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THE XUE LAB

Innovative use of the C.elegans model in diverse research fields

 

 

 

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The Xue Laboratory was founded in the fall of 1997 with the express goal of studying the genetic and molecular mechanisms of programmed cell death. The laboratory has made numerous important contributions not just to the field of programmed cell death, but has extended its reach to several diverse research fields. The Xue Lab has recently refined its focus to four major research areas: continued advanced research in the field of programmed cell death, study of the genetics and molecular mechanisms that establish and maintain phospholipid asymmetry, characterization of parental mitochondria elimination during early development, and the use of C. elegans as an animal model to study human disease and to perform drug discovery. In these pursuits the lab has very recently made significant contributions to our understanding of the mechanism of action of Hepatitis B Virus X protein, made key discoveries in the field of phosphotidylserine asymmetry and externalization (see below video). Beyond these contributions the Xue Lab has also recently made important discoveries in characterizing the chromosome fragmentation process during apoptosis, including the identification of the caspase-dependent conversion of the dicer ribonuclease into a deoxyribonuclease and multiple apoptotic nucleases involved in the process. We hope to continue to provide contributions to a wide array of research fields. For more detailed information about the projects studied by the Xue Lab, please see our Projects page. For a more generalized research overview please see our general research description. To contact the Xue Lab please proceed to Contact page.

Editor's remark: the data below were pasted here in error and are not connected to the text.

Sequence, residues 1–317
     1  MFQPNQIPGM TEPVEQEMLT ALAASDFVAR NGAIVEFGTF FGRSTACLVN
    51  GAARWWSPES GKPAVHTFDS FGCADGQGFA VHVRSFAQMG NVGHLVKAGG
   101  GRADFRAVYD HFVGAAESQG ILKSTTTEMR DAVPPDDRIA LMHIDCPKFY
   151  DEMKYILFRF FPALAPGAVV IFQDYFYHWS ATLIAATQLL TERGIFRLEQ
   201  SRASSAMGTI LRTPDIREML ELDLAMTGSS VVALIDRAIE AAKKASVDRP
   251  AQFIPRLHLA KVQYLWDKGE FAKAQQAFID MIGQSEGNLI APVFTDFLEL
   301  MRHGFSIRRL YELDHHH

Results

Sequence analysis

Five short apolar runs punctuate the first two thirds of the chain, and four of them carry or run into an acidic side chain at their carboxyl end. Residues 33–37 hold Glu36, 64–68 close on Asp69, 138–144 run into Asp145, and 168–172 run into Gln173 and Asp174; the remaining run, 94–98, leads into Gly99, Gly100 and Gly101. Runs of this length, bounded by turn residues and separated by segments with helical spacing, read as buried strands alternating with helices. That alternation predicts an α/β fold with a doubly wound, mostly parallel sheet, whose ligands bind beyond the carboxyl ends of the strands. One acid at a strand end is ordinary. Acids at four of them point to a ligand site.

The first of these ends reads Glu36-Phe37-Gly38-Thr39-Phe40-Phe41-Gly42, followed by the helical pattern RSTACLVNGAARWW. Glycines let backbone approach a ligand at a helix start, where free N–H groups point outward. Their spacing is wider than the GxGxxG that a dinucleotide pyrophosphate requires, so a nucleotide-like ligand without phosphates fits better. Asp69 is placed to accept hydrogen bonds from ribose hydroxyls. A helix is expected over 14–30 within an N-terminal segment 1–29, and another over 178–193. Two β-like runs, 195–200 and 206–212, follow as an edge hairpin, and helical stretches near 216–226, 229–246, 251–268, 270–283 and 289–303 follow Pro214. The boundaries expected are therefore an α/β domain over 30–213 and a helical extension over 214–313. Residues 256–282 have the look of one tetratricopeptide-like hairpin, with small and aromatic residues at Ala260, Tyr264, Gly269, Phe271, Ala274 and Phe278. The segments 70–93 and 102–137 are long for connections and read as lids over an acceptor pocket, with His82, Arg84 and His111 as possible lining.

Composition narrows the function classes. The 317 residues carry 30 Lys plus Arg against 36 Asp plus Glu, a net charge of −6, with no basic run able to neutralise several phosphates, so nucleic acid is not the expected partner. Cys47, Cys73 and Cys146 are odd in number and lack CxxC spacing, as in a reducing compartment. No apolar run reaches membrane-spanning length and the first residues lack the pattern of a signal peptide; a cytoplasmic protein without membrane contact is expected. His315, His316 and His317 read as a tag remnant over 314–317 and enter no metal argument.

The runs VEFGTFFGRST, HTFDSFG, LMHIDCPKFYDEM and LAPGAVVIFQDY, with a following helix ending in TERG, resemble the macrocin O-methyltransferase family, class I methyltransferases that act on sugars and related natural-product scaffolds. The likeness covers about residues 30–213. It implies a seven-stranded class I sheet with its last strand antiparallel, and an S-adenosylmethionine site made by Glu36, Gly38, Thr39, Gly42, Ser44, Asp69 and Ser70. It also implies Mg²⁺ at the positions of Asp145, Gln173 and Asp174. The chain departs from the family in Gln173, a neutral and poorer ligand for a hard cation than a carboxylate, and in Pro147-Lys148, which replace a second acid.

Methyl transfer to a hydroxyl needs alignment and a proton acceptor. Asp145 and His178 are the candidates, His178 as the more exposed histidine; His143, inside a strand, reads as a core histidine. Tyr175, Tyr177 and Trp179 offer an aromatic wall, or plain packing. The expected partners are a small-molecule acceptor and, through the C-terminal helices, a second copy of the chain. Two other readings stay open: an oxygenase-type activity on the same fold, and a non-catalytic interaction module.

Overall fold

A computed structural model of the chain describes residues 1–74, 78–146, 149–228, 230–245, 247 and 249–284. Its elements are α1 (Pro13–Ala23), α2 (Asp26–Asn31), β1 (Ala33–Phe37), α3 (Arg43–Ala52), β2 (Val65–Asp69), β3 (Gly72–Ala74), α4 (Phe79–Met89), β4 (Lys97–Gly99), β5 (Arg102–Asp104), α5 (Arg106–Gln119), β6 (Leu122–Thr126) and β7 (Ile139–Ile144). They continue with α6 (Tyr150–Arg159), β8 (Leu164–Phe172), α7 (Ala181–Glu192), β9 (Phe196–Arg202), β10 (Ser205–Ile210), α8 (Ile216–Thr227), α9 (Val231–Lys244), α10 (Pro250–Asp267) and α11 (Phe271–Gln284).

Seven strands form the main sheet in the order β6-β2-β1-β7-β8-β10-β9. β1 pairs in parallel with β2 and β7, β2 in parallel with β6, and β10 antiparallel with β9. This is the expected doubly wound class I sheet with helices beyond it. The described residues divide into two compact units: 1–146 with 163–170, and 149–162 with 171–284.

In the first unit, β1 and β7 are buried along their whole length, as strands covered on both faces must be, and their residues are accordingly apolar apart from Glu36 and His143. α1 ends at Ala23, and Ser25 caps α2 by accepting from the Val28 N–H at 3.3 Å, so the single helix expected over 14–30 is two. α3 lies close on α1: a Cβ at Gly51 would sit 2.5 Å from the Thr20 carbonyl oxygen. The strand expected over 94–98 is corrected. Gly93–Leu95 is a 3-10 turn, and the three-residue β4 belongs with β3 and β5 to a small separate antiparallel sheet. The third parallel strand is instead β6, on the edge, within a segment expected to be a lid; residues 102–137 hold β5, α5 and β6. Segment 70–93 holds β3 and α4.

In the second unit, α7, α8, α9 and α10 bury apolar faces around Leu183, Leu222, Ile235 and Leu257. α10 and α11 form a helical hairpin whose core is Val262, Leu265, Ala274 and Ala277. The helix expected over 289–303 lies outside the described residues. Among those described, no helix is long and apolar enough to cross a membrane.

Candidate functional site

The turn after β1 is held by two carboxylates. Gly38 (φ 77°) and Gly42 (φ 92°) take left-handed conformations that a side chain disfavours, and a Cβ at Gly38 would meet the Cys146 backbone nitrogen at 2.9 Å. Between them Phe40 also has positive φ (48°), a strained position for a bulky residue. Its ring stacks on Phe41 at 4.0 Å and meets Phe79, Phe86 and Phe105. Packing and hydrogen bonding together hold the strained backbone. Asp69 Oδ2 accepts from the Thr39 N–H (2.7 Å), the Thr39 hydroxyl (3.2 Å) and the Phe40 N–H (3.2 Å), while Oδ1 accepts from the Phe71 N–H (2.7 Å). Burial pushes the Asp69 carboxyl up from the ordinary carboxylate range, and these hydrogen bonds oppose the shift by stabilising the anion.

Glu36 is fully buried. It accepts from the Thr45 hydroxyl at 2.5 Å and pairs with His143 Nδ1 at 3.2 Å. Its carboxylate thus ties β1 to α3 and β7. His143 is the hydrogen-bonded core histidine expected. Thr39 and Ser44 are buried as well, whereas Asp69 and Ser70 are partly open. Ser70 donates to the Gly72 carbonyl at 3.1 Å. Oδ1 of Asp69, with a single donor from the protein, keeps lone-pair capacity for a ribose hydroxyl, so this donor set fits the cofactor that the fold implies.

Analysis of activation, execution, and engulfment in C. elegans embryo apoptosis

 

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A secreted Annexin GFP sensor labels surface-exposed PS during apoptosis

 

 

Analysis of paternal mitochondria elimination in a wild-type C. elegans embryo

 

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MitoTracker Red-stained paternal mitochondria are eliminated during early embryogenesis